SPEAKER: Professor Arthur Georges, Institute for Applied Ecology, University of Canberra, ACT
DATE: Friday, 29th July 2016
LOCATION: Geelong Campus at Waurn Ponds, Room KA4.207
Seminar will also be video linked to the following campuses: Melbourne Campus at Burwood, Burwood Corporate Centre (BCC) and Warrnambool Campus, Room J2.22
External visitors – wish to join us and connect to our seminars?
- You may connect to the live seminar via *N SEBE VMP LES Seminars52236958@deakin.edu.au [ID.36958], or via the methods listed HERE.
- For Deakin staff and students, please join via Skype for Business (Lync).
- Could not log in? More info on how to connect is available HERE.
- Please note that connection is only available while a seminar is taking place. See exact times.
As a courtesy, we request that when connecting to the seminar that you mute your microphone unless you are required to speak, this would ensure that the sound from the speaker to the audience is not disrupted by feedback from your microphone – thank you!
ABSTRACT: Although phenotype is governed by underlying genotype, the translation of the genetic blueprint to traits possessed by the individual is under varying degrees of environmental influence, leading to phenotypic variation in traits with a common genetic underpinning.
Sex of an individual, at least in vertebrates, was once thought to be strictly determined by the complement of chromosomes passed to the offspring from the parents. The prevailing view of a 1:1 correspondence between genotype and sexual phenotype (genetic sex determination or GSD) that is so prevalent in mammals and birds, fell away with the discovery of astonishing diversity in the mechanisms of sex determination of many lineages of reptile and fish.
Environmental sex determination is now well established in these groups, and temperature early in development is the primary factor involved (hence, temperature-dependent sex determination, or TSD). Indeed, sex determination in reptiles is seen as one of the most profound examples of developmental plasticity among vertebrates.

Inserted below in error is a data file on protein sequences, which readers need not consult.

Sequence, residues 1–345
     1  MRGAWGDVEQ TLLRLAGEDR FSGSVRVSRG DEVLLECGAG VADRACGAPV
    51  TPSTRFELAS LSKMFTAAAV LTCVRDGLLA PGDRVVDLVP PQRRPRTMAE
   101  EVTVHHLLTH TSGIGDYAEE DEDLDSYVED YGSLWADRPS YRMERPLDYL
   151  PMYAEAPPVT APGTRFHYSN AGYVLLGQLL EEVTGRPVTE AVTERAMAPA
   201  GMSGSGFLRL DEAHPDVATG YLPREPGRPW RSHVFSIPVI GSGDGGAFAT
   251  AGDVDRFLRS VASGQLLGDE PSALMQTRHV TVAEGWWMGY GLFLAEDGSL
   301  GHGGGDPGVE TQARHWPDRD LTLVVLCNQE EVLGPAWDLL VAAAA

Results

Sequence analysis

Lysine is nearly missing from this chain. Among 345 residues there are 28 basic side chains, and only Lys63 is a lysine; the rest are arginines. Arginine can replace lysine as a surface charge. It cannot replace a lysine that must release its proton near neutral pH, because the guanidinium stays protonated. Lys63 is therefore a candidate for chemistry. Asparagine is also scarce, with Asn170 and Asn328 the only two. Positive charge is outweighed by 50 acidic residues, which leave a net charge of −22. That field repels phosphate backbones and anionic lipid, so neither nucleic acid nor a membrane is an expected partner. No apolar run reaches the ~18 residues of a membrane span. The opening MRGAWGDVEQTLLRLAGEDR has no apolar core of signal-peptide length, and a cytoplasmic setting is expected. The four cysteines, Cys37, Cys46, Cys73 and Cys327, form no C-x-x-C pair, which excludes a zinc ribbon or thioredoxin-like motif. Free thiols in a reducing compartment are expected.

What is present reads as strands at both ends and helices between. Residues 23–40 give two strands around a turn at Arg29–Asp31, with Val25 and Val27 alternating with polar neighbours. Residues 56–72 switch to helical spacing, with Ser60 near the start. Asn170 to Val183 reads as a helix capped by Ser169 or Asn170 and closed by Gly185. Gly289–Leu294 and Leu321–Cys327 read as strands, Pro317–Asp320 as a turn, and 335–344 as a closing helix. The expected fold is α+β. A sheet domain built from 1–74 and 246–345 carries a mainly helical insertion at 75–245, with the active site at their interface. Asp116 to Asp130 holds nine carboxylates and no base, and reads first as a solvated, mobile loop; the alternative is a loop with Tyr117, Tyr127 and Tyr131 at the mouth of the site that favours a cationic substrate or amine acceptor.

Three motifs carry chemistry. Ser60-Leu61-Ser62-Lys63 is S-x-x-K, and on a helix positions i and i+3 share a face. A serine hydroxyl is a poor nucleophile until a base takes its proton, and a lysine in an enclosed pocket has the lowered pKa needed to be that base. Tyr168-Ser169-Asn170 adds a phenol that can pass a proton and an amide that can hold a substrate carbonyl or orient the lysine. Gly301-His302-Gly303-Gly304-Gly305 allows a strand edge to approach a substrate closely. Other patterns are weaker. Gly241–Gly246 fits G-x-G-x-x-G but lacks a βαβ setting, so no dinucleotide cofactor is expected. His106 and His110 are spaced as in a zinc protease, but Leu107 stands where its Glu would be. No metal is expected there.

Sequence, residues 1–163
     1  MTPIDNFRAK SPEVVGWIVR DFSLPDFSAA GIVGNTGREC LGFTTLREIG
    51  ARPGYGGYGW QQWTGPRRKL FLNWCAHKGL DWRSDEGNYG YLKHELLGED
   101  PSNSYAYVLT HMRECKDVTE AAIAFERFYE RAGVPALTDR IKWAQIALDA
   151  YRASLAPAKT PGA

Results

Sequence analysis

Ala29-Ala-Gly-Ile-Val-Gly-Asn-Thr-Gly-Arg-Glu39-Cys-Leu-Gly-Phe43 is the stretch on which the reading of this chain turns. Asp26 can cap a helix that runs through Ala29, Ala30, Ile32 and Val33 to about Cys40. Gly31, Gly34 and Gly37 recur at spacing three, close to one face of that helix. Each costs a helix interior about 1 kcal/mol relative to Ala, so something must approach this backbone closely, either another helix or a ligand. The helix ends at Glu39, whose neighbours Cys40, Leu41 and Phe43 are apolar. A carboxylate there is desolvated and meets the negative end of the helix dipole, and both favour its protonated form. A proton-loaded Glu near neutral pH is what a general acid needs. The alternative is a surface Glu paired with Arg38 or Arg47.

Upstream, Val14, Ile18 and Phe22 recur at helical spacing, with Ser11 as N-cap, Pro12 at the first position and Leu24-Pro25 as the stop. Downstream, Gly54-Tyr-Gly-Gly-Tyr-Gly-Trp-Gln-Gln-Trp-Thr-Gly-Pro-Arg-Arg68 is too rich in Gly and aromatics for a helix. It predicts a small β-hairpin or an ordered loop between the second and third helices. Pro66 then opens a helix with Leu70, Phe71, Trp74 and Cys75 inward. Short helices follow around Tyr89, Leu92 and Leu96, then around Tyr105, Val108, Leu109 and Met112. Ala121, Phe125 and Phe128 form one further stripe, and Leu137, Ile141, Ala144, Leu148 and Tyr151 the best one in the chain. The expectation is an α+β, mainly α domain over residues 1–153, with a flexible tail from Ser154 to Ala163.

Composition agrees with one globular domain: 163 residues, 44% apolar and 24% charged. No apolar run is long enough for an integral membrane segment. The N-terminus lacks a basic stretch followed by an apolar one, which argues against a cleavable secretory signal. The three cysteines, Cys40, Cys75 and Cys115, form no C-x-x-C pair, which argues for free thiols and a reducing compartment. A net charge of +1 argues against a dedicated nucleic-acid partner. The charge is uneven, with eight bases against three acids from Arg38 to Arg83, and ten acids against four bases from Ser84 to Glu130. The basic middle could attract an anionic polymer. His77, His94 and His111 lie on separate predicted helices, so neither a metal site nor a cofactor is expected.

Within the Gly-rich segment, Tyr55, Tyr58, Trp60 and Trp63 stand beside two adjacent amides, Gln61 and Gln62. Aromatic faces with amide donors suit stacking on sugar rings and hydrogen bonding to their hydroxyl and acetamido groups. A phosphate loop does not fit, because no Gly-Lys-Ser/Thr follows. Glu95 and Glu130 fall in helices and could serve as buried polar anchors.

Furthermore, it falls in a special class of phenotypic plasticity, along with castes in bees and winged/winglessness in aphids – a polyphenism with two states, whereby intermediate forms are either not viable or with severely compromised fitness.
In this presentation, the focus will be on a special case of sex determination where genotype and environment interact to determine sex, and discuss the mechanisms by which temperature may bring influence.
The dragon lizard, Pogona vitticeps, has well defined sex chromosomes – a ZZ/ZW system as in birds – yet temperature can over-ride the genetic signal to reverse the ZZ male trajectory to a female phenotype, both in the laboratory and in the wild.
This is one example where developmental plasticity can drive rapid evolutionary responses to changing climate, responses that challenge our understanding of the evolution of temperature-dependent sex determination.
BIO: Professor Arthur Georges is an ecologist and herpetologist whose research interests lie in the evolution, ecology and systematics of Australian reptiles. A fundamental interest in these fascinating animals takes him into the field and the laboratory to learn more of their biology and to apply what he has learned in solving contemporary challenges for their conservation.
Arthur recently led the consortium to generate an annotated genome sequence for the Australian dragon lizard, Pogona vitticeps, which he and his team are using to probe the intricacies of sex determination in reptiles.
Appointments with guest speaker may be made via Beata Ujvari.